You want a dog. You are not alone. If you are a millennial you are more likely to have a dog before marriage or having children.
Best Friend Forever
A dog is not a "practice baby." Dogs are like children that never grow up and leave home. They will never be able to care for themselves.
You’re a making a lifetime commitment in both time and money for your BFF.
♦ Keeping your dog healthy and happy will take a significant investment. It is not as much as college tuition but it could mean the difference between buying a new car or a used one.
Most pet owners say it is money well spent. It is difficult to put a price tag on unconditional love and affection.
• The cost of owning a dog is more than just the expense for food, while the benefits are much more than providing companionship.
A dog’s average lifespan is 12 years. The majority of pet owners do not consider the lifetime costs. People think more in terms of cost per month or year.
♦ The American Society for the Prevention of Cruelty to Animals (ASPCA) estimates the annual cost of dog ownership at:
• Small dog at least $1,000
• Medium-size dog at least $1,200
• Large dog at least $1,500
Fortune magazine puts the annual cost at closer to $1,650. They added up veterinary care, food, treats, boarding, grooming, vitamins, and toys.
♦ These will be ongoing costs that need to be planned for and budgeted for.
These do not include any special one-time costs like spaying and neutering or things like leashes, collars, beds or carrier cases.
There are definite benefits of being a pet parent. Pets provide companionship, help reduce stress and can even improve your health.
• Dog owners are more likely to get outside and take a stroll through the park.
Puppy love comes with a price.
♦ Puppies are more expensive than adult dogs, since they need more shots and trips to the vet in the early years. Puppies may need more expensive procedures like spaying or neutering at a cost of around $300 to $500.
Petco was offering these services for only $20. The cost was supported by donations. It is not common to find groups supporting low cost spaying and neutering, you will need to do some searching.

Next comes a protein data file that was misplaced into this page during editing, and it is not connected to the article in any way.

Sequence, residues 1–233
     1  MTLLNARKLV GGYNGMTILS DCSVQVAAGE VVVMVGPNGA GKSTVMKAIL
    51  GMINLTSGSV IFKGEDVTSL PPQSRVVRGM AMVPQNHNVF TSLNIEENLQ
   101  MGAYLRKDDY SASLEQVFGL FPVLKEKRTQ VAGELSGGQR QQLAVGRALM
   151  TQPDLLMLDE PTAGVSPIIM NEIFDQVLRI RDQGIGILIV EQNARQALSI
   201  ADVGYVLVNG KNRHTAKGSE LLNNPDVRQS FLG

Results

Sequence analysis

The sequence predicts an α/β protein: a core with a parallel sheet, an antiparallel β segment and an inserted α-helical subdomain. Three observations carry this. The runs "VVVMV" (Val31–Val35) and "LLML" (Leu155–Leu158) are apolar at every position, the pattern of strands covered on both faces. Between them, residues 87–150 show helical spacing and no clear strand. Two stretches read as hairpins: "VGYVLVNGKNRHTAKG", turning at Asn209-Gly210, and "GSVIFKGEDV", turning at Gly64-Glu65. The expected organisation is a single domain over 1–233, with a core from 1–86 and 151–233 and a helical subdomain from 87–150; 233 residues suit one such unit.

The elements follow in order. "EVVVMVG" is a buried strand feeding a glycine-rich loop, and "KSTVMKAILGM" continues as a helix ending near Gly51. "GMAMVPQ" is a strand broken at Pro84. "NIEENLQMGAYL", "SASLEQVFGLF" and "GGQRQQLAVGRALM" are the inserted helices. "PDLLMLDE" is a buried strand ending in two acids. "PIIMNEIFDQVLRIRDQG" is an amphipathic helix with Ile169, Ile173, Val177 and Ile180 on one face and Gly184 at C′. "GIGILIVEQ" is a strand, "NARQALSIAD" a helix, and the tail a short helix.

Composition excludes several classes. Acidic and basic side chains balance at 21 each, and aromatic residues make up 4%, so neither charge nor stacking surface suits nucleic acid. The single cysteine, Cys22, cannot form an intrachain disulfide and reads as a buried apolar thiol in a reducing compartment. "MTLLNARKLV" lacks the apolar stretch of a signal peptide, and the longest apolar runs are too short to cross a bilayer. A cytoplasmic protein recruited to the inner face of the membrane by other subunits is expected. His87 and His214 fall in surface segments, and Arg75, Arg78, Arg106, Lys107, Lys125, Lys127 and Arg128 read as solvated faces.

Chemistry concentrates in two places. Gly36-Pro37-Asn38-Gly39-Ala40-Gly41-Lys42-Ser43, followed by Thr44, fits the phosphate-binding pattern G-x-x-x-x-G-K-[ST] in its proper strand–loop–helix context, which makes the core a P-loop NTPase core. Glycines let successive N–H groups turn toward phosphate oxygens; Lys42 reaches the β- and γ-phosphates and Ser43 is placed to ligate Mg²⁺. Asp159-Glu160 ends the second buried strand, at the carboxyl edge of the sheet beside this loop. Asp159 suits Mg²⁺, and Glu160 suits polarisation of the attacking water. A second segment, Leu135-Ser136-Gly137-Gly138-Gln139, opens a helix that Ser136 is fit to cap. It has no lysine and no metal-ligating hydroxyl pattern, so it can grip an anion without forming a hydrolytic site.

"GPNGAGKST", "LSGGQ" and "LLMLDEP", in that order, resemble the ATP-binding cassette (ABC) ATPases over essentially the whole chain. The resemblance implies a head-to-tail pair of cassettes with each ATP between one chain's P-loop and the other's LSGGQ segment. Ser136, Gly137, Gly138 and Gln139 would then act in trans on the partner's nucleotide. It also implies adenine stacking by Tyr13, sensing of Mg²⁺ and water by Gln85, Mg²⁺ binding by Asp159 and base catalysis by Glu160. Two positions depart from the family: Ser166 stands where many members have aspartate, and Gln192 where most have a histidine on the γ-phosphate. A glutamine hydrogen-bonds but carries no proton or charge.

♦ Puppies have a lot of energy so they will need more training and attention. Puppies like to chew pretty much everything in sight. You will need to be vigilant to keep them from getting hurt.
All dogs need exercise but puppies especially do. Walking your dog helps with behavioral issues and improves socializing skills. Dogs that are not walked enough may end up getting bored and can have higher expenses.
♦ Any new dog or puppy will come with substantial expenses.
You can buy a dog from a breeder or a pet shop but that will set you back $500 to $1,000. Reputable sellers try to sell healthy animals.
Puppy mills have animal rights people up in arms. It would be best to avoid these.
♦ If you don’t care so much about mixed-breed dogs than there are many shelters and rescue groups with dogs that would love to have a family.
Rescued dogs range from $50 to $200. These dogs cost more than shelter dogs because the rescue organization has invested more in preparing the dog for adoption. Most dogs will already have been vaccinated and spayed or neutered.
♦ The first thing you should do with your new dog is take it to a good veterinarian for a check-up. Exams range from $45 to $65. If blood work or other tests are needed the cost could easily reach $300.